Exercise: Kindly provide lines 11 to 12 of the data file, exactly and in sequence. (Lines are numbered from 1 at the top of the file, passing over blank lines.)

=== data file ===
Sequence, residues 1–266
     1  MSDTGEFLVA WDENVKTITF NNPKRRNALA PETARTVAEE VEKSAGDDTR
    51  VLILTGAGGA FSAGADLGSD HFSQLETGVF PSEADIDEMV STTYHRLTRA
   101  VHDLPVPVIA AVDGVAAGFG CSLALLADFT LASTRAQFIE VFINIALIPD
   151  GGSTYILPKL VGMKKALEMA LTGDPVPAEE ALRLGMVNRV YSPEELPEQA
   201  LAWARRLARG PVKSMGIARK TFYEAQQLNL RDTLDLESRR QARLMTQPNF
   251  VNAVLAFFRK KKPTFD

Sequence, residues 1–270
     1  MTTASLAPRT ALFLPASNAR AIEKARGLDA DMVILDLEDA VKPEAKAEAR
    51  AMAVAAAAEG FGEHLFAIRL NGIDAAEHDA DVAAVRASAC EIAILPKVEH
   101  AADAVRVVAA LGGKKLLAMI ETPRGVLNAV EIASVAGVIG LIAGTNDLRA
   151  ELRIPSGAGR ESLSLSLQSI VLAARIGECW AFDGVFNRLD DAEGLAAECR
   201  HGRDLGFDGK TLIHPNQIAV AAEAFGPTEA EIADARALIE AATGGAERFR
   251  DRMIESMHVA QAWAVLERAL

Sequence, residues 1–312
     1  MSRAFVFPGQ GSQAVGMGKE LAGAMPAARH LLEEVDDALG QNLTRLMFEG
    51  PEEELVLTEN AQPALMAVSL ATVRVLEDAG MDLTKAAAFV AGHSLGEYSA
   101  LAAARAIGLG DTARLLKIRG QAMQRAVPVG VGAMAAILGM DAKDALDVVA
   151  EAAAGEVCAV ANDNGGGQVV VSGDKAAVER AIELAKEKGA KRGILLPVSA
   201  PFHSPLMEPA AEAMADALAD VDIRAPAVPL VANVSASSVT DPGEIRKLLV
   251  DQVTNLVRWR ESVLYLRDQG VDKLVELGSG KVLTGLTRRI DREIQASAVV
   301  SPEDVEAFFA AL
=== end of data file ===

   101  AADAVRVVAA LGGKKLLAMI ETPRGVLNAV EIASVAGVIG LIAGTNDLRA
   151  ELRIPSGAGR ESLSLSLQSI VLAARIGECW AFDGVFNRLD DAEGLAAECR